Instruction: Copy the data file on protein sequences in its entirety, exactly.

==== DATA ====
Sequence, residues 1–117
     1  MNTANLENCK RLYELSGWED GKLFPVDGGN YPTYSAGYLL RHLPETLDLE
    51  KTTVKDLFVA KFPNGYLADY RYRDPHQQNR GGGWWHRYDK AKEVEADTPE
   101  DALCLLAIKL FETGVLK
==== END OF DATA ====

Sequence, residues 1–117
     1  MNTANLENCK RLYELSGWED GKLFPVDGGN YPTYSAGYLL RHLPETLDLE
    51  KTTVKDLFVA KFPNGYLADY RYRDPHQQNR GGGWWHRYDK AKEVEADTPE
   101  DALCLLAIKL FETGVLK